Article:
The report of my death is an exaggeration

3 02 2009

Another gem on Wikipedia. This is about when media reported someone’s death too soon, when the subject was still alive. We all know about the rumours about Steve Jobs that have circulated recently or about Paul McCartney allegedly substituted by a lookalike but there are a lot more.
For instance:
Queen Elizabeth the Queen Mother’s death was erroneously announced in the Australian media in 1993 after a London-based Sky News employee saw an internal rehearsal for her future death (one of many conducted by the UK media over the years). Thinking it was for real, he phoned his mother in Australia with the ‘news’, who passed it on to the media.[138] The time zone difference may have made it difficult for the Australian media to check the story during UK night-time. The employee was sacked for the mistake, but then won a lawsuit for wrongful dismissal.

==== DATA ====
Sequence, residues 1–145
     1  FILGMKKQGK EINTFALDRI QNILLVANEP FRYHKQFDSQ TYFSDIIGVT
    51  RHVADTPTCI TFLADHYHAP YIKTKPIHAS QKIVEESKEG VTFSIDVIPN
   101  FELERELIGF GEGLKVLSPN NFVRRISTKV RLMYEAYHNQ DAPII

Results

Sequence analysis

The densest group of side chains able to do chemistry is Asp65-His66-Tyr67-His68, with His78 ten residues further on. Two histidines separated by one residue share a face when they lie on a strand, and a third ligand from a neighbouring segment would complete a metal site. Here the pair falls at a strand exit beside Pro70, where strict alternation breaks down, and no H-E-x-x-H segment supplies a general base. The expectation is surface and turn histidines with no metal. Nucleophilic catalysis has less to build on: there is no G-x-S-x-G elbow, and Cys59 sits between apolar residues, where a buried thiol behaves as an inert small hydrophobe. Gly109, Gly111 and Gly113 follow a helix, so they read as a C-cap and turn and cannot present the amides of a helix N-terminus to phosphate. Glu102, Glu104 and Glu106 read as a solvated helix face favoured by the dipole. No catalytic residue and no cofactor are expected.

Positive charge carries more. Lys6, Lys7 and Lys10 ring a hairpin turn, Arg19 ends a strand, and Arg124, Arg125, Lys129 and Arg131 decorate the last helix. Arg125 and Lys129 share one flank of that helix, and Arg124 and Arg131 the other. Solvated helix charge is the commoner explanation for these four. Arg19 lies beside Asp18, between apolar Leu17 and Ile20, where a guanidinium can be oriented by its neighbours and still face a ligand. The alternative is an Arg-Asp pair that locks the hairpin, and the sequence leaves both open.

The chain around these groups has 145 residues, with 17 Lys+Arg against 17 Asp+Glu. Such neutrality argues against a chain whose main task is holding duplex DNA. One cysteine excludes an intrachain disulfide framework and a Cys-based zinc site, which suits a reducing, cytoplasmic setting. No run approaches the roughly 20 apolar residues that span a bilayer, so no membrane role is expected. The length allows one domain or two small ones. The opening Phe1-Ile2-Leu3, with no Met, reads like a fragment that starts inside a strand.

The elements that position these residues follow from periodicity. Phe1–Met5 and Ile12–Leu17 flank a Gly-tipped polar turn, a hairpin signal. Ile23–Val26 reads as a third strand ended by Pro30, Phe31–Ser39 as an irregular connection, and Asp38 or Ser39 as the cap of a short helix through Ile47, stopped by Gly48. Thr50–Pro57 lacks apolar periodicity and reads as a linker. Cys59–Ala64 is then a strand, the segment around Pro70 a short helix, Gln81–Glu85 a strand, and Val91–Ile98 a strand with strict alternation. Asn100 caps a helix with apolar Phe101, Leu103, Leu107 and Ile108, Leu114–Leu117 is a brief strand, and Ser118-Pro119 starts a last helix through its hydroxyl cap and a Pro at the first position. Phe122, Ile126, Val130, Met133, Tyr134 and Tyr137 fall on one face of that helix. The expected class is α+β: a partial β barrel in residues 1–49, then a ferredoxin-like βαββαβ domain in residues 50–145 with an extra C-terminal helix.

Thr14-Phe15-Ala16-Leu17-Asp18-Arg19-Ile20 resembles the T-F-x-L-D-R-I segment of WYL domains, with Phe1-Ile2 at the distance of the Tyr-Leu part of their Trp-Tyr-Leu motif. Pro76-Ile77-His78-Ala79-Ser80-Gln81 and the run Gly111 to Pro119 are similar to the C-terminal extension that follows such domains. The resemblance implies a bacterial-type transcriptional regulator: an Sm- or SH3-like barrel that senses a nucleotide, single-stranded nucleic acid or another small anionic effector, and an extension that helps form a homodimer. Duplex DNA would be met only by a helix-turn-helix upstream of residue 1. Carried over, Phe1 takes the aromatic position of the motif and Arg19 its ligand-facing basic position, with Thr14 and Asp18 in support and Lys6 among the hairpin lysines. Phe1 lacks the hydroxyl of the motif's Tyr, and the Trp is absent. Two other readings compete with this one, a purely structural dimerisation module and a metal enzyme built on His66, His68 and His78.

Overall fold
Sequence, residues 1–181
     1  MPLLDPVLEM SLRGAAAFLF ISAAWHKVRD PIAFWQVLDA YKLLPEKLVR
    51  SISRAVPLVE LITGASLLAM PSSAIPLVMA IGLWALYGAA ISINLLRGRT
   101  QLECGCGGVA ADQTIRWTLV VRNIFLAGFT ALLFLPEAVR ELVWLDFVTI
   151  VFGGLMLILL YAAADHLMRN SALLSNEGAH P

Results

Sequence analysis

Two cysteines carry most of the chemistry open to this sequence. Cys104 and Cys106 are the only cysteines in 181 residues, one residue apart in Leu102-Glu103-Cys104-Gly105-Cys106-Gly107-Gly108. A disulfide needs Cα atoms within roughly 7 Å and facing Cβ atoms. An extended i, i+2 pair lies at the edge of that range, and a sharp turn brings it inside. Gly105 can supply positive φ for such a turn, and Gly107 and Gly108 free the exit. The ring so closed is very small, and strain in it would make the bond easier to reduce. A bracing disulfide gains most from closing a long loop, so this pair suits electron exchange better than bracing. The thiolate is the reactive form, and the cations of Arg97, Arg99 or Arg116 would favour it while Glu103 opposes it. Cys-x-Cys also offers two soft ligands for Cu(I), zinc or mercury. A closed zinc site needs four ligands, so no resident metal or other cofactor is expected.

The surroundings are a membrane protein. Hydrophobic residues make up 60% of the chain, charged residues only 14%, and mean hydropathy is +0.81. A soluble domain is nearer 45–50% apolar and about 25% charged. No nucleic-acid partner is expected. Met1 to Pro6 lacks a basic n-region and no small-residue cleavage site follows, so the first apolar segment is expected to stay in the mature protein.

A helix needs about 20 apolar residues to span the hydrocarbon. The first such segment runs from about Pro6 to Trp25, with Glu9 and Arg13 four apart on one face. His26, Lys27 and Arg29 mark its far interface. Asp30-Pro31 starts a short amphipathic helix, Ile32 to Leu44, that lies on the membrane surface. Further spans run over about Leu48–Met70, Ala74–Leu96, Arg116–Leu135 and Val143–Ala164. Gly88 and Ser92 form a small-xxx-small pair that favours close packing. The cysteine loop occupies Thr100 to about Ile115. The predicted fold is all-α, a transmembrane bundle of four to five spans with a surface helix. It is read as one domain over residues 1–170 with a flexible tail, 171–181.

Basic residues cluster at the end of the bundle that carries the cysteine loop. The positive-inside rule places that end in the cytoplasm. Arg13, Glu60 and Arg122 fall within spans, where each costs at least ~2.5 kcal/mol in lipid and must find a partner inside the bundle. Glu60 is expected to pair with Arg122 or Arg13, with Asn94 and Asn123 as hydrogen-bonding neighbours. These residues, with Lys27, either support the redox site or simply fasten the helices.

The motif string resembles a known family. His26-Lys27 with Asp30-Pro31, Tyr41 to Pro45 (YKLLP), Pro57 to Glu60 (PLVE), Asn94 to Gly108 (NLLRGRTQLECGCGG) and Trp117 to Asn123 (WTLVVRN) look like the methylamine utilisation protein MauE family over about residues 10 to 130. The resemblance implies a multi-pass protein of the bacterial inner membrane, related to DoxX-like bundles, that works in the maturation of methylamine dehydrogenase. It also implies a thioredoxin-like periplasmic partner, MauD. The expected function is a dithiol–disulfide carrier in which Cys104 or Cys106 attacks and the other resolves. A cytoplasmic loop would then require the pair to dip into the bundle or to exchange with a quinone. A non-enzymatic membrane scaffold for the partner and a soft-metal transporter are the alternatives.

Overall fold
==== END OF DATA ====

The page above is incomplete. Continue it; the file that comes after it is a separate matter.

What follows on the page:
or
Ernest Hemingway: after the author and his wife Mary Welsh Hemingway were involved in two African plane crashes in 1954, newspapers reported that both had died. Hemingway survived, but suffered extensive injuries which affected him for the rest of his life. AE Hotchner claimed that Hemingway read a scrap book of his obituaries every morning with a glass of champagne after the incident.
But I think the following deserves a prize:
Multiple premature obituaries came to light on 16 April 2003, when it was discovered that pre-written draft memorials to several world figures were available on the development area of the CNN website without requiring a password (and may have been accessible for some time before).[187] The pages included tributes to Fidel Castro, Dick Cheney, Nelson Mandela, Bob Hope, Gerald Ford, Pope John Paul II, and Ronald Reagan.

Some of these obituaries contained fragments taken from others, particularly from Queen Elizabeth the Queen Mother’s obituary, which had apparently been used as a template. Dick Cheney for example was described as the ‘UK’s favorite grandmother’, the site noted the Pope’s ‘love of racing’, and described Castro as ‘lifeguard, athlete, movie star’ (a reference to Ronald Reagan).

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